#### Chapter 9 Objects in the Two-Dimensional Coordinate System

Section 9.1 Cartesian Coordinate System in the Plane

# 9.1.1 Introduction

In Module 5, we considered objects in the plane - lines and circles - in a purely geometric way. If we want to analyse such algebraically as well (by means of equations), then we can introduce coordinate systems, in which we can specify points uniquely. The basic idea of a coordinate system is very easy: to specify the position of a point exactly, we use a reference point (called the origin) and a certain unit length (e.g. kilometre). In this way, the position of a point can be given by two numbers. In mathematics, these two numbers are called the coordinates of the point. In the real world coordinates can be found, for example, on marker plates that specify the position of hydrants in the ground (see figure below). In this case, the origin is the position at which the plate is mounted, the unit length is metre, and the numbers 0.9 and 6.4 specify that the hydrant can be found 0.9 metres to the right and 6.4 metres backwards. Hence, the two numbers 0.9 and 6.4are the coordinates of the hydrant in the coordinate system defined by the position of the marker plate and the unit length of a metre (see figure below). In mathematics, directions in a coordinate system are rarely called "right" and "backwards". In drawing a coordinate system, the horizontal direction is often called $x$-direction or ${x}_{1}$-direction, and the vertical direction is called $y$-direction or ${x}_{2}$-direction. Moreover, by mathematical convention the $x$-direction is to the right and the $y$-direction is up.  The unit length used can also be specified, but from a purely mathematical point of view this is not necessary. Note that negative coordinates are to the left and below the origin. Finally, the drawn axes are often called $x$-axis or ${x}_{1}$-axis and $y$-axis and ${x}_{2}$-axis according to the coordinates. Furthermore, the names axis of abscissa for the horizontal axis and axis of ordinates for the vertical axis are in common use. (Correspondingly, the coordinate values are then called abscissas and ordinates.)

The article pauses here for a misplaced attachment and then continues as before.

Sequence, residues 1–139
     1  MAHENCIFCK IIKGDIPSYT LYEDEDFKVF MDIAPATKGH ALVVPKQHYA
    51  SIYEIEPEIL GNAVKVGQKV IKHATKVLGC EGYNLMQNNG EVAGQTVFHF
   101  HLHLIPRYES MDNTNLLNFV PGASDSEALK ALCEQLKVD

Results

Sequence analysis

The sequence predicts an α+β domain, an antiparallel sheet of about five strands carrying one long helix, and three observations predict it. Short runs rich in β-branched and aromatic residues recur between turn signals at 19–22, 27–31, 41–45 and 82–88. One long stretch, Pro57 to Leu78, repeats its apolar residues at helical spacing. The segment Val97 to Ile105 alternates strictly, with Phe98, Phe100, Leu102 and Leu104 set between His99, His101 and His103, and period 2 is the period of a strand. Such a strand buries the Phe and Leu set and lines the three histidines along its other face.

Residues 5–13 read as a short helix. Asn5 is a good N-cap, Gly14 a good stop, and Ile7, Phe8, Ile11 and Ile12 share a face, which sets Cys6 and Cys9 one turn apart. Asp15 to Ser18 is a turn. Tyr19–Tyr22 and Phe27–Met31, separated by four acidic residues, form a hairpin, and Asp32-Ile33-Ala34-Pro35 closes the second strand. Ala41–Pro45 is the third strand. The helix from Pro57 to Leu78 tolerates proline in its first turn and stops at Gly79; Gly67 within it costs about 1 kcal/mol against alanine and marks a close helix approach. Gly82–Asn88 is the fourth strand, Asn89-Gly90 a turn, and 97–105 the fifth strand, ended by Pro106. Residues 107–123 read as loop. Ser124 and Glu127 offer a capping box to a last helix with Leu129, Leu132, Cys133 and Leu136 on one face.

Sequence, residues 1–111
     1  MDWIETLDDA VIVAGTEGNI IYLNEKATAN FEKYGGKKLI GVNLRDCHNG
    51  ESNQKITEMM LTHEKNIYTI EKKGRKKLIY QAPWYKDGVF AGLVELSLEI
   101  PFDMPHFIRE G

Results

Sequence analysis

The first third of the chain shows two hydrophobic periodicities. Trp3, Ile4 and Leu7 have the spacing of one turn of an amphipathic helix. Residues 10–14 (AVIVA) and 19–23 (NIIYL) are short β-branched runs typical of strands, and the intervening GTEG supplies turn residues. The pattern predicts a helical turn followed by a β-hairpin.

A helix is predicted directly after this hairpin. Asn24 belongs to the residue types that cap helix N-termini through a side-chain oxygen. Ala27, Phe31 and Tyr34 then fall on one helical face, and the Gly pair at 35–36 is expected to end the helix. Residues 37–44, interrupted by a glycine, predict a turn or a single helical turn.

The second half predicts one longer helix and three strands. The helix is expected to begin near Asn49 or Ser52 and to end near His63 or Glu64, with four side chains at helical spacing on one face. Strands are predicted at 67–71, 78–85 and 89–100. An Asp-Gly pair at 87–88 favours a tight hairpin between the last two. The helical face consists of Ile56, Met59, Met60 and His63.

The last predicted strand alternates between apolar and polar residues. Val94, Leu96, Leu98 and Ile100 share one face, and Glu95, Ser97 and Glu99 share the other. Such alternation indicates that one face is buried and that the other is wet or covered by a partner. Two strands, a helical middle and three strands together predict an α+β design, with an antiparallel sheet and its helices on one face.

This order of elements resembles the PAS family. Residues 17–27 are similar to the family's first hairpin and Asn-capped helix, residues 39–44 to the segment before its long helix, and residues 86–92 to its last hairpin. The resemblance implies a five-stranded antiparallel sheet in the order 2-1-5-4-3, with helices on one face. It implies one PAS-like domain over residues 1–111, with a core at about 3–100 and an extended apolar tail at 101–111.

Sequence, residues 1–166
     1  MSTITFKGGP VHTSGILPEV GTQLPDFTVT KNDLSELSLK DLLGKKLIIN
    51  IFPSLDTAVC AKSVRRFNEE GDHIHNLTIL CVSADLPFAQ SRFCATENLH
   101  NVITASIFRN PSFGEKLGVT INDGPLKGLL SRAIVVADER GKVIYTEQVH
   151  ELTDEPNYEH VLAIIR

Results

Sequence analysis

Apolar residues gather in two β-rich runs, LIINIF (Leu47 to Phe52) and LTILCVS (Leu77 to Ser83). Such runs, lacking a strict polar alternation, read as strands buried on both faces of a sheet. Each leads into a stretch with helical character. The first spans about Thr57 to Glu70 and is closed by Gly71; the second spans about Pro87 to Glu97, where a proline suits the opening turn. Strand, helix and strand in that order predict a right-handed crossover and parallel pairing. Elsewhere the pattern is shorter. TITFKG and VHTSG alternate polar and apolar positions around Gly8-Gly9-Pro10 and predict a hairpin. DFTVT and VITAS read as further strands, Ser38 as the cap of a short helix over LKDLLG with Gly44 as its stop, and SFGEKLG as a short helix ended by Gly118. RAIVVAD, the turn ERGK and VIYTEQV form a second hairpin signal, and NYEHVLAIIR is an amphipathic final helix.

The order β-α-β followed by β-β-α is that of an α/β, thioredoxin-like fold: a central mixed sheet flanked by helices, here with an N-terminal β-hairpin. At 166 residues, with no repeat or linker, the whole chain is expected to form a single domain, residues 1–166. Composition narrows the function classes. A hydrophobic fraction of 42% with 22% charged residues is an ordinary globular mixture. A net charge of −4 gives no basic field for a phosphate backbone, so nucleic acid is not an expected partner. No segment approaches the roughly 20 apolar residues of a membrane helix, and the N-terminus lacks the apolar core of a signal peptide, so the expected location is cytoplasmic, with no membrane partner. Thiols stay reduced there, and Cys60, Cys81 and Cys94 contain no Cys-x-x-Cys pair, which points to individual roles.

From the figures above, we can see that such a coordinate system divides the plane into four regions. These regions have special names: quadrants I to IV (see figure below). The coordinate systems described above are called Cartesian coordinate systems. This is means that the axes are perpendicular to each other, i.e. they intersect in the origin at an angle of ${90}^{\circ }$. Non-Cartesian coordinate systems do also exist, but they will not be considered in this course. Here, we will assume that every coordinate system is Cartesian.
Once the concept of a coordinate system in the plane is clear, it is obvious that the position of points in (three-dimensional) space can be described in a similar way. For example, to describe the position of an aircraft precisely we need only its position with respect to the control tower but also its altitude. Thus, a third coordinate and hence a coordinate system with three axes are required. We will deal with these three-dimensional coordinate systems in Module 10.